From user to developer - using the PowerShell module dbatools to manage Microsoft SQL Servers
First use in our training courses
The story started when I wanted to show my participants in the Administration Course for Microsoft SQL Server in what ways they can perform administrative activities: With the graphical interface of SQL Server Management Studio, with SQL scripts or just with PowerShell, specifically with the dbatools module.
This module contains a lot of useful functions (in PowerShell they are called Commandlets) and is developed by several people together and provided as free and open source software. Especially in chapters like Backup and Restore, the lean, concise commandlets make for tidy demo scripts.
Since PowerShell is both a scripting language and a full-fledged programming language based on .NET, small procedures are quickly programmed, variables increase clarity and flexibility.
Preparation for deployment at the customer
Recently, the topic of high availability with Always On Availability Groups has come into focus for some of our customers, so of course I wanted to test how the setup with PowerShell works. Because I am not satisfied with the classic wizard of the SQL Server Management Studio. In case of errors there are no meaningful messages and a documentation of the used settings is not possible very well - who wants to have a collection of screenshots in this day and age? Of course, as always, there is the option to have the SQL script generated at the end of the wizard, but even with that I am only partially satisfied.
When working with the corresponding Commandlets I ran into problems, some things didn't work as expected. The error messages didn't help at first, only a look into the code could help. That is the strength of open source software: Everyone can have a look at the code and adapt it locally to his needs.
Bugfixing: Every beginning is hard
Finding the first bugs was not that easy. I first had to dive into the world of the module and find out how the individual help functions work and what basic scheme the commandlets follow. And I didn't just want to report that a certain commandlet didn't work, but also to name the cause. In the best case, make a suggestion right away on how to fix the error or make further improvements.
I need an account at Github
So I entered the world of Github, created an account and immediately created a fork of the official repository to show my suggestions in the code. Furthermore I reactivated my account at Slack, which I didn't use for some time, to be able to discuss in the channels of dbatools.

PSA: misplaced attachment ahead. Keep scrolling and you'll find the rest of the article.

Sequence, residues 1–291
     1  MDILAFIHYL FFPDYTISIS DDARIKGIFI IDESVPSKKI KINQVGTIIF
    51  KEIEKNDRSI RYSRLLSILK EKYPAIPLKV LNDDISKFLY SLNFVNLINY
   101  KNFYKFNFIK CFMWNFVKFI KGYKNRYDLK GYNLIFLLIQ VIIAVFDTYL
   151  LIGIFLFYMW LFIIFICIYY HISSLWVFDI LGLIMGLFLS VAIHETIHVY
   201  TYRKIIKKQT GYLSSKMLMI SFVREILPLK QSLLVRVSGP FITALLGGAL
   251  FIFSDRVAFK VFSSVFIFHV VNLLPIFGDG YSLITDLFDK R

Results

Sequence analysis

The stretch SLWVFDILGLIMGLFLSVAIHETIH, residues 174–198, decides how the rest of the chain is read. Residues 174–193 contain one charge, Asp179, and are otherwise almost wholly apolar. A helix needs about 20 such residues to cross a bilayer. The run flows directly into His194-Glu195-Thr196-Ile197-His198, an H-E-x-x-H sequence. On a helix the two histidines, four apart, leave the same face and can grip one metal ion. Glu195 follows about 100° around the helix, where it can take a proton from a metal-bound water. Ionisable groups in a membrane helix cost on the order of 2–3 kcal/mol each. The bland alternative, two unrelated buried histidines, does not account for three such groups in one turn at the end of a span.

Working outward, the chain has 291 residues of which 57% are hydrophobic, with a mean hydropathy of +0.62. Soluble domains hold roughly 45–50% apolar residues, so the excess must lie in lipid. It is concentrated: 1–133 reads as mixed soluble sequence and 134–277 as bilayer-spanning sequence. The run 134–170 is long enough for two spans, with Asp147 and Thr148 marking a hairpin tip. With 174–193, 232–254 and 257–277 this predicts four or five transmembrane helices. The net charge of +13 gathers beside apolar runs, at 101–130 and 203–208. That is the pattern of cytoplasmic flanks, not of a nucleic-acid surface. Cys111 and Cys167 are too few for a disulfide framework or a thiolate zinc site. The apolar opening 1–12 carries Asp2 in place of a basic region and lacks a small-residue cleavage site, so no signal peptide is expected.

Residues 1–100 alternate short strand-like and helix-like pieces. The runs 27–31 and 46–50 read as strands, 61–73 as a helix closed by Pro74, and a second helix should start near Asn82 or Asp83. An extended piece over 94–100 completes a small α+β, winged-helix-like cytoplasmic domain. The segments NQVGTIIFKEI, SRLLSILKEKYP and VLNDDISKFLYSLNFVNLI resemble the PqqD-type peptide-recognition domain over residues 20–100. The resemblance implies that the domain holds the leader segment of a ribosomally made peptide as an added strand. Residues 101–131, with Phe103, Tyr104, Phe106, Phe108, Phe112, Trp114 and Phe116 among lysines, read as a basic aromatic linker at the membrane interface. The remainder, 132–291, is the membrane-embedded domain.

So there was nothing standing in the way of my first issues and pull requests. And with every new pull request, the work with Git goes more smoothly, with every feedback I learn more about the work of the other developers and about the module.
My first published change
With version 1.0.114 of dbatools released a few days ago, some of my proposed changes are now actually included in the official release and can be used by everyone.
This also allows me to continue with the currently planned series of articles on setting up Always On availability groups with PowerShell and dbatools.
Discussions around the globe
Of course, it also happens that my suggestions are not well received. Or I have overlooked something because I haven't been around that long. Or there are simply different ideas about what exactly the commandlet should and should not do. This is then discussed in the comments on Github as well as in the channels on Slack. Since some developers are based in the U.S., this often happens with a time lag, so it can take half a day for the next reaction. Also, no one works full time on this project and everyone only takes a few minutes or hours now and then for further development. This slows down the process, of course, but on the other hand it also offers the opportunity to think about the suggestions in peace.
And how does it benefit ORDIX AG and its customers?
By familiarizing myself with the structure of the module, it is now much easier for me to analyze the causes of unexpected behavior. It's not always a fault in the module, perhaps I simply had different expectations of how it would work. It's also easier for me to incorporate adjustments, initially just for my personal purposes - but of course also for our customers. And they are welcome to contact us if they have any questions about how to use dbatools. Together we can select the right commandlets and integrate them into a customer-specific script. If errors occur, we can analyze them directly on the customer's system, make necessary adjustments and also push the integration into the official release.
Principal Consultant bei ORDIX
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